O Where Are You Going? || Summary and Analysis

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Introduction:

      Auden's poem O where are you going is a ballad. It originally constituted the 'Epilogue' to the Orators. In the Epilogue, Auden takes up the theme of Quest, and the ballad is a concentrated and compressed expression of the same theme. John Hayward regarded the poem as "the most valuable contribution to English poetry since The Waste Land. The poem was later on entitled There companions and included in the Collected Shorter Poems, 1950.

      The poem is written in the form of a dialogue between the "Quest Hero-Rider", "Farer, "Hearer" and "Reader", "Fearer" and "Horror", and it shows the Quester discarding the qualities which had hitherto prevented and hampered him. The ballad is thus a call to action and adventure.

      The reader' stands for the escapist, and the sceptical intellectual visualises the birth of the new world as a fatal valley where furnaces burn' and the Odours of the 'midden will madden'.

      This poem forms a part of The Orators. The point of view in The Orators is partly that of the school boy. the adolescent with his profound ambivalence to authority and his yearning for heroism and sacrifice, and partly that of the bourgeois rebel who was formed by the system and is part of it but rejects it. The orators can be headmasters, teachers, clerks, propounders of false doctrine and defenders of the system generally: the term suggests an ironic parallel between these highly respectable people and the soap-box orators of Hyde-park, who are also sometimes fake prophets and hero-leaders.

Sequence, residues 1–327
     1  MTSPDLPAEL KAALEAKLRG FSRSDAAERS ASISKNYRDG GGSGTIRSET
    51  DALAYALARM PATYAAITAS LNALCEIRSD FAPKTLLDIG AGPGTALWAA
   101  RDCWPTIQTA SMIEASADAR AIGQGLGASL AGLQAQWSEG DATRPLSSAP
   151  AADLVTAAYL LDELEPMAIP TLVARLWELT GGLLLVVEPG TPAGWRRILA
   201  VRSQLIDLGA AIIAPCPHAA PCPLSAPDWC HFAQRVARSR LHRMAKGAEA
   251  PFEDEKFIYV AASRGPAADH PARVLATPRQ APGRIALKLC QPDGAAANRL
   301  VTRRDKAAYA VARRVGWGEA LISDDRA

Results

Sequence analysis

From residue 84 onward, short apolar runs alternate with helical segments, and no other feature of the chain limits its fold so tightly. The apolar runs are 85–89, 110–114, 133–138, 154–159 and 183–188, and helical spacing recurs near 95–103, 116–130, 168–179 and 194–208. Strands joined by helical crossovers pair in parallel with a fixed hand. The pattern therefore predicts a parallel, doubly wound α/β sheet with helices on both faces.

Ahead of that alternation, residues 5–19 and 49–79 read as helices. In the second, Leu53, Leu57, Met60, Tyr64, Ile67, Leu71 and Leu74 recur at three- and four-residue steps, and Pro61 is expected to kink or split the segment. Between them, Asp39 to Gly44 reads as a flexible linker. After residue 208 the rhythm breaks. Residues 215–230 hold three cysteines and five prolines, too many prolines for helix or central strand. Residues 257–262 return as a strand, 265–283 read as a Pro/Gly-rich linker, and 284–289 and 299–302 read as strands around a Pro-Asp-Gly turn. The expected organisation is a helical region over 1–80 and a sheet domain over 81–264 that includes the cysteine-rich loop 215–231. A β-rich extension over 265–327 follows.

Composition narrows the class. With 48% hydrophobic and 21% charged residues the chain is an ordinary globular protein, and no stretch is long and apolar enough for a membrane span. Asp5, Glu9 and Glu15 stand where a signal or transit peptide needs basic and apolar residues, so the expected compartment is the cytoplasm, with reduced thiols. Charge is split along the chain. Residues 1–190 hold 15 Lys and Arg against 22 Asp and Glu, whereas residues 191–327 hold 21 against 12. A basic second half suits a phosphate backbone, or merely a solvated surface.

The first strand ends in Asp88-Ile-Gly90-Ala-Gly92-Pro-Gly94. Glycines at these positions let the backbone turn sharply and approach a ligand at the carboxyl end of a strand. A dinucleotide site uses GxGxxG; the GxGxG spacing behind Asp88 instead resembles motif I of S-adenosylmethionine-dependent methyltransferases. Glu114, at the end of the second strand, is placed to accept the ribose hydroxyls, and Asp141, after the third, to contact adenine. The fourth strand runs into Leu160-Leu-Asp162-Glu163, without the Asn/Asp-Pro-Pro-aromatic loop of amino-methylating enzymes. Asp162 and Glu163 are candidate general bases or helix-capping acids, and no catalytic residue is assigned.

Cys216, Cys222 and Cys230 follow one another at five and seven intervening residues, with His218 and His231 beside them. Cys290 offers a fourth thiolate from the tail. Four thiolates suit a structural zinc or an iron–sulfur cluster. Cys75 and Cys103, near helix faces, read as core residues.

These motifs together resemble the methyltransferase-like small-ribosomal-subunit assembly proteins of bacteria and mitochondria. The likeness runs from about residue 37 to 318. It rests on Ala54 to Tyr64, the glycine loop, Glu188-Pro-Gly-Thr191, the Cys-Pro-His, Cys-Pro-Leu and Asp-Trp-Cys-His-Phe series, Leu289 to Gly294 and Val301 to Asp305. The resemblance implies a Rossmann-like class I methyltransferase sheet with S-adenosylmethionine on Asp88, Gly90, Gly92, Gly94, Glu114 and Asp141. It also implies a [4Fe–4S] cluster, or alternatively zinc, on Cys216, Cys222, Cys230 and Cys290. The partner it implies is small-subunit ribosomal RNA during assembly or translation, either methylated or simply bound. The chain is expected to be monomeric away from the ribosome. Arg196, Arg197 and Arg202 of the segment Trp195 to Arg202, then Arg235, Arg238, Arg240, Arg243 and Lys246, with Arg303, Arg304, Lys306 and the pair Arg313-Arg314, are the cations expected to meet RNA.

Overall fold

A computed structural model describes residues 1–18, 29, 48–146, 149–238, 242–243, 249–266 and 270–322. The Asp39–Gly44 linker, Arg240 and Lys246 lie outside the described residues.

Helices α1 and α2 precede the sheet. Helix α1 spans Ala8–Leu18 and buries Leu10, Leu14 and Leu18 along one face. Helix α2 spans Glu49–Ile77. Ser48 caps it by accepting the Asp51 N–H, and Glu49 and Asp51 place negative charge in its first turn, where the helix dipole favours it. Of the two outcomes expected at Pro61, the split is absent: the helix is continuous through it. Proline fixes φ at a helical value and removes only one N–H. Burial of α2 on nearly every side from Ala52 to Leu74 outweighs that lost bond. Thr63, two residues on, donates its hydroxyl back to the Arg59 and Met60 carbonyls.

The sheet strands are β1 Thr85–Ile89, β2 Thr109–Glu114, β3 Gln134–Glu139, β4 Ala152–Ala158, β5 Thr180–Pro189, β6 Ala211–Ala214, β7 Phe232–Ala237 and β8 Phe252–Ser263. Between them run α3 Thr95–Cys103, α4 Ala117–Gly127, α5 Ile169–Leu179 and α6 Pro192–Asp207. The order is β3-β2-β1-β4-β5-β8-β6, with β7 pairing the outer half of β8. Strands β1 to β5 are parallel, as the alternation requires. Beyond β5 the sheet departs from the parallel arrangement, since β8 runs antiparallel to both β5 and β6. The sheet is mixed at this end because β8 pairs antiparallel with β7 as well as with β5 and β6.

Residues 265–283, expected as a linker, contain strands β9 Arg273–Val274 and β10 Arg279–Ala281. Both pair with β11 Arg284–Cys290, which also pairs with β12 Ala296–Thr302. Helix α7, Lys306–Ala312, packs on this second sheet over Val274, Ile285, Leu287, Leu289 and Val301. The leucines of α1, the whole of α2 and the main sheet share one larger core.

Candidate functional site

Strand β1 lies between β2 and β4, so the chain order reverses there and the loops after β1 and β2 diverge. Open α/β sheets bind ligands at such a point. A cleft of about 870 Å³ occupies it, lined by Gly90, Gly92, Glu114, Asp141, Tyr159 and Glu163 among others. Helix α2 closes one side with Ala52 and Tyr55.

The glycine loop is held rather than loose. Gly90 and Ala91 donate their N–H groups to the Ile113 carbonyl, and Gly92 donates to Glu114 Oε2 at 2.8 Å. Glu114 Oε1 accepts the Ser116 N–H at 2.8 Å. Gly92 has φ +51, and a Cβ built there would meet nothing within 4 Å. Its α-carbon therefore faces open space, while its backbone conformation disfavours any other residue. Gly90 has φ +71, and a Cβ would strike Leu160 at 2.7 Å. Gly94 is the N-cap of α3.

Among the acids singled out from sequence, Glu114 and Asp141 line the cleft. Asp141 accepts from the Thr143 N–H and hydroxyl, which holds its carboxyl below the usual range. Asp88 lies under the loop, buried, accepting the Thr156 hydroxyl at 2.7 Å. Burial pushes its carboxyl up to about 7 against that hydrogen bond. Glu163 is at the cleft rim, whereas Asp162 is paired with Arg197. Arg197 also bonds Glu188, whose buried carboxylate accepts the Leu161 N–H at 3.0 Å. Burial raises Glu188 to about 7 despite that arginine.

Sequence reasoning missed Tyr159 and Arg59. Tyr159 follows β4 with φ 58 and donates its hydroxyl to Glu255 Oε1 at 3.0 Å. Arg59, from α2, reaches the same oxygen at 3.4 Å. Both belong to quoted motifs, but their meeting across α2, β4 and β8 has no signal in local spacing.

In this poem the brave quester who is intent on the exploration of a new world and order of thing is questioned by the wavering intellectual, the fearer, and the neurotic are advised to abandon his guest on the basis of the imaginary hazards involved in it.

Auden's poem O where are you going is a ballad. It originally constituted the 'Epilogue' to the Orators. In the Epilogue, Auden takes up the theme of Quest, and the ballad is a concentrated and compressed expression of the same theme.
O Where Are You Going?

Summary

      In the first stanza, the 'reader' stands for the escapist, or the intellectuals who are coward. They read too much to do anything. The reader tells the rider, the quester hero, not to go out for there are dangers and difficulties which have been come of death of many a bold hero like him. The sceptical intellectual visualises the birth of the new world as a fatal valley where furnaces burn and the odours of the midden will madden.

      In the second stanza the quester is referred to as the Farer and the fearer, symbolising timid cowardly people who are afraid of a change. The rider is perhaps going to join the revolution, or to migrate to some other country, or to break-with the old society. The reader further tells the rider that the place where he is going, is dung-hill, the bad smell of which will make him mad. Again there is a graye-like gap in that valley, where many brave people are lying buried. Moreover if he thinks over the matter coolly, he will find that the new world is also not perfect, it also lacks many things. So it is useless to leave the established order and seek for the new one with all the hazards involved in the quest.